Unfortunately, the flight was secret, so this achievement was not disclosed utill 1991. Also, Tsygan was slightly injured on landing, and had to end his space career; Dezik, on the other hand, became the first animal to reach space twice, embarking on a second flight just a week later. Unfortunately, it was not as successful, and kickstarted the development of the first emergency escape system.
5. Wopsie, the First transatlantic Cat
R.34 landing in Long Island. Wopsie is somewhere in there, obscured by the crowd (Image: US Library of Congress / Wikipedia)
On July 2, 1919, the R.34 airship took off from Britain, embarking on the first transatlantic journey for this kind of aircraft. Several hours after the take-off, way above the ocean, it turned out that the ship had two stowaways: William Ballantyne, a crew member intended to be left behind to save weight, and a small feral kitten.
Four days later the airship landed in Long Island, US, and the cat became the first feline to perform a transatlantic aerial crossing. Nicknamed Wopsie, the cat was turned into the airship's mascot, serving with it until the aircraft crashed in 1921. Some sources claim, the cat survived and went on with her life.
4. Mademoiselle Fifi, the Cat of the King of Aviators
The famous flying cat and a human (Image: Wikipedia)
John Bevins Moisant is one of the most famous aviation pioneers, being the first to conduct a passenger flight over the English Channel, and the one to inspire Clyde Cessna to build airplanes.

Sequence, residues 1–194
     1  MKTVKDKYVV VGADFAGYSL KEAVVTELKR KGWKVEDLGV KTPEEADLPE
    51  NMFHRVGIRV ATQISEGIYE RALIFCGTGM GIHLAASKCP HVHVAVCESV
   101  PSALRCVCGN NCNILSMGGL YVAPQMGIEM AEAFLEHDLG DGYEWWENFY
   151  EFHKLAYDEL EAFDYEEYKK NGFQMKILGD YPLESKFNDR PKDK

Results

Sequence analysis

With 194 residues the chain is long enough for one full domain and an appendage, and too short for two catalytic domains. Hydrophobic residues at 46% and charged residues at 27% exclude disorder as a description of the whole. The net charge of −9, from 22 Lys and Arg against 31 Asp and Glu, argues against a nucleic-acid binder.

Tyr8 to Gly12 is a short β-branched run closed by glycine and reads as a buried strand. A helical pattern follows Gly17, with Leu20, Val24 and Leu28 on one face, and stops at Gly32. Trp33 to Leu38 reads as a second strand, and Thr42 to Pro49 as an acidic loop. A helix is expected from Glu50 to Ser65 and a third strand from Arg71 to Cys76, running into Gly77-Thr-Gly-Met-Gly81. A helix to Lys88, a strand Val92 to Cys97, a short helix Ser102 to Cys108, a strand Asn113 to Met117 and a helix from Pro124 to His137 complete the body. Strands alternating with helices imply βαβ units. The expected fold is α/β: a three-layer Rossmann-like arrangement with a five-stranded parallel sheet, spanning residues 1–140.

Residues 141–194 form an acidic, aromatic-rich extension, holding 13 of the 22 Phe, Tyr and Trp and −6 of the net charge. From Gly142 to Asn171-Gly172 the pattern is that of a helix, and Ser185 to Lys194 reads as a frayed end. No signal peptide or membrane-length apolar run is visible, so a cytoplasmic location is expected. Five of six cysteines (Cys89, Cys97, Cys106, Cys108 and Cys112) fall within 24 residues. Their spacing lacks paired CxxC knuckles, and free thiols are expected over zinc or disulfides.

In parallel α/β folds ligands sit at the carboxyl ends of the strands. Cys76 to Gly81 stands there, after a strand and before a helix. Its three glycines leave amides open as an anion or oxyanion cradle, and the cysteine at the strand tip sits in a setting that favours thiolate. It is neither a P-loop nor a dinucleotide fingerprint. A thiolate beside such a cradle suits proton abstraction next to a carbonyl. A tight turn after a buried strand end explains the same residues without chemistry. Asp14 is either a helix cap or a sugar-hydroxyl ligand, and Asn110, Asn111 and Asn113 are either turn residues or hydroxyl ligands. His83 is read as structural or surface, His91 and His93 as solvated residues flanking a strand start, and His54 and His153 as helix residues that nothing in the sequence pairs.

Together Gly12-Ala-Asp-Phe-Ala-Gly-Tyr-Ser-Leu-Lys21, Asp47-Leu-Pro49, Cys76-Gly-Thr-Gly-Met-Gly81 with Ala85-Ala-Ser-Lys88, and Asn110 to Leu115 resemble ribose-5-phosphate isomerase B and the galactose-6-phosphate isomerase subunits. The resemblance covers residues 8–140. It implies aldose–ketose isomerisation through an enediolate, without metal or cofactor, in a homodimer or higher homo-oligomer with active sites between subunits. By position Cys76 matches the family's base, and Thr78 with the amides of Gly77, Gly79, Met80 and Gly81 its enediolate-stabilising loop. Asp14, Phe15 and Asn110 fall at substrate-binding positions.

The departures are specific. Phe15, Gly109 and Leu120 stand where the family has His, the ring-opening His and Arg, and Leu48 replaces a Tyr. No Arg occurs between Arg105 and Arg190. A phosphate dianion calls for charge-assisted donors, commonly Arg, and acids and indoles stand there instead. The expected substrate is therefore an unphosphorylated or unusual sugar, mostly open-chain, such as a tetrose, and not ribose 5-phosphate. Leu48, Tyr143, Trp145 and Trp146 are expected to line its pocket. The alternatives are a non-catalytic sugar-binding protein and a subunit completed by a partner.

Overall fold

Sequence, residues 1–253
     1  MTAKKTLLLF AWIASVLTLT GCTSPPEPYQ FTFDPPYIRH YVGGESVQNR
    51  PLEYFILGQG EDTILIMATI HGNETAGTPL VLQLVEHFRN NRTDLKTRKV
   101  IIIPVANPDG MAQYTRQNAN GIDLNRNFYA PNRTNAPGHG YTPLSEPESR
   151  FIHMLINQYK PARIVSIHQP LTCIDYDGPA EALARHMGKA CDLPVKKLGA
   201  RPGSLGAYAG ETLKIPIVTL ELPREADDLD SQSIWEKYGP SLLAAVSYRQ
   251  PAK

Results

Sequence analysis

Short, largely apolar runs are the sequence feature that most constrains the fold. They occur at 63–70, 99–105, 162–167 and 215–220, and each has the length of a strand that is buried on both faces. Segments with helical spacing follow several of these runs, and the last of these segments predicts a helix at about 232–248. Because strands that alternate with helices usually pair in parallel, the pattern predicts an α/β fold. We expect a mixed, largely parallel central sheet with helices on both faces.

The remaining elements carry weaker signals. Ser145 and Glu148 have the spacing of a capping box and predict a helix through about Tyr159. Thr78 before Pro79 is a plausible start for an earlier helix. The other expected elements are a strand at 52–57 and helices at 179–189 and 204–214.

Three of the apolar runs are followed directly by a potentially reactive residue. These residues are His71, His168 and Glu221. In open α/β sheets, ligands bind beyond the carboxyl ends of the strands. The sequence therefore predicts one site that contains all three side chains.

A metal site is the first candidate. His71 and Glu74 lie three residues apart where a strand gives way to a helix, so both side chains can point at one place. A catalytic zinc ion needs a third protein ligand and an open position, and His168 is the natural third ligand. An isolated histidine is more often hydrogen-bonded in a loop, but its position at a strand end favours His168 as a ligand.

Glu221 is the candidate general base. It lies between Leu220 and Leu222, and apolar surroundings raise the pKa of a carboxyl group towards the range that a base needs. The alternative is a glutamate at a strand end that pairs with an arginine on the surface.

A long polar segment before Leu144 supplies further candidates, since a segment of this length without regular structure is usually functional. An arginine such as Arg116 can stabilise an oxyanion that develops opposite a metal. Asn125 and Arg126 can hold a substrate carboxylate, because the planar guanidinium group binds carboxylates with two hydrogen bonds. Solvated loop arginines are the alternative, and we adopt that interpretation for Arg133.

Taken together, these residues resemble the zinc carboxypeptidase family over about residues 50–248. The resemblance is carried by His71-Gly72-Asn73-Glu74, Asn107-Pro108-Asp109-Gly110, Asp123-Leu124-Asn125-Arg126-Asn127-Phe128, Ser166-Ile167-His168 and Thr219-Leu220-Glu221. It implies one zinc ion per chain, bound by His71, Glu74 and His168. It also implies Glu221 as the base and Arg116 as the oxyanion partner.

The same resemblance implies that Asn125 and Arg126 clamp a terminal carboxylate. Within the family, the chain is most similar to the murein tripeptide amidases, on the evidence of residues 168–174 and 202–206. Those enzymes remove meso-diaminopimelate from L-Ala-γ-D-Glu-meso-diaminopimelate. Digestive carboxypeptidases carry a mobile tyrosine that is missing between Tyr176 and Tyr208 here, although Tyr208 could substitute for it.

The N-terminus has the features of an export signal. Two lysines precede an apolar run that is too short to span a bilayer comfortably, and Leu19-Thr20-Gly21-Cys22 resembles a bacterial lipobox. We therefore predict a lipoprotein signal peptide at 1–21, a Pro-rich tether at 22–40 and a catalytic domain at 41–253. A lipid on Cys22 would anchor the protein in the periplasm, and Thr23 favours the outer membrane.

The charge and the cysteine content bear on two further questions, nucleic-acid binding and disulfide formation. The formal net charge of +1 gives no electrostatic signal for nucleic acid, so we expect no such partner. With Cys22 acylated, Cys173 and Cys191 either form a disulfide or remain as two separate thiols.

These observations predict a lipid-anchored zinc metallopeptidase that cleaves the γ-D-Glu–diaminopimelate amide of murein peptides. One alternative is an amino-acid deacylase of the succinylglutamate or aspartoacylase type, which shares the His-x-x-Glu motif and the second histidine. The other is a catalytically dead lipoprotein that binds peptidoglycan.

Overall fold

On his journeys, Moisant was accompanied by Mademoiselle Fifi: a small cat which somehow took the whole flying thing surprisingly well.
3. Icarus II, the Pig on an Airplane
Short Biplane No. 2 in flight (Image: Flyingmachines.ru)
Aiming to prove the famous proverb about pigs being unable to fly wrong, John Moore-Brabazon – the first man to fly an airplane in Britain, and Britain’s Minister of Transport later in life – did something remarkable. On November 4, 1909, he attached a small basket to a Short Biplane No. 2, and put a piglet in it.
The first flight with a live cargo, and the first airplane flight with an animal onboard, the event went down in history not as a joke, but as a serious achievement in aviation. The only question remaining is, why was the pig called Icarus II? Is there a more sinister backstory to the flight, with the original Icarus that the history chose to forget?
2. Shadow, the First Pilot Dog
Can you train a dog to pilot an airplane? British TV channel Sky 1 had that question too. Turns out, you can.